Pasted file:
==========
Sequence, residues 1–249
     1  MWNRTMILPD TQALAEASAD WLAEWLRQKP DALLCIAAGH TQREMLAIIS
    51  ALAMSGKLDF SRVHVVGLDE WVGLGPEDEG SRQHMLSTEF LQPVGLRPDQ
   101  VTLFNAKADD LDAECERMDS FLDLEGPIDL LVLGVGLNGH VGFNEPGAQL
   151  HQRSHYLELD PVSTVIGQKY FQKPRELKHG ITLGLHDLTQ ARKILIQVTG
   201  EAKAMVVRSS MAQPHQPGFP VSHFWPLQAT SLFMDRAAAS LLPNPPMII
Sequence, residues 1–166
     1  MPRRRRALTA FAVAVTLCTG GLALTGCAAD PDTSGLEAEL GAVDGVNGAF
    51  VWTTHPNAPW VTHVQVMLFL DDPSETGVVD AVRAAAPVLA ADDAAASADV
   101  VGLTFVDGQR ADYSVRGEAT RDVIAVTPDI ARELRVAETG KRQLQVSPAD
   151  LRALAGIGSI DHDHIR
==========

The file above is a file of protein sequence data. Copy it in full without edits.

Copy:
Sequence, residues 1–249
     1  MWNRTMILPD TQALAEASAD WLAEWLRQKP DALLCIAAGH TQREMLAIIS
    51  ALAMSGKLDF SRVHVVGLDE WVGLGPEDEG SRQHMLSTEF LQPVGLRPDQ
   101  VTLFNAKADD LDAECERMDS FLDLEGPIDL LVLGVGLNGH VGFNEPGAQL
   151  HQRSHYLELD PVSTVIGQKY FQKPRELKHG ITLGLHDLTQ ARKILIQVTG
   201  EAKAMVVRSS MAQPHQPGFP VSHFWPLQAT SLFMDRAAAS LLPNPPMII
Sequence, residues 1–166
     1  MPRRRRALTA FAVAVTLCTG GLALTGCAAD PDTSGLEAEL GAVDGVNGAF
    51  VWTTHPNAPW VTHVQVMLFL DDPSETGVVD AVRAAAPVLA ADDAAASADV
   101  VGLTFVDGQR ADYSVRGEAT RDVIAVTPDI ARELRVAETG KRQLQVSPAD
   151  LRALAGIGSI DHDHIR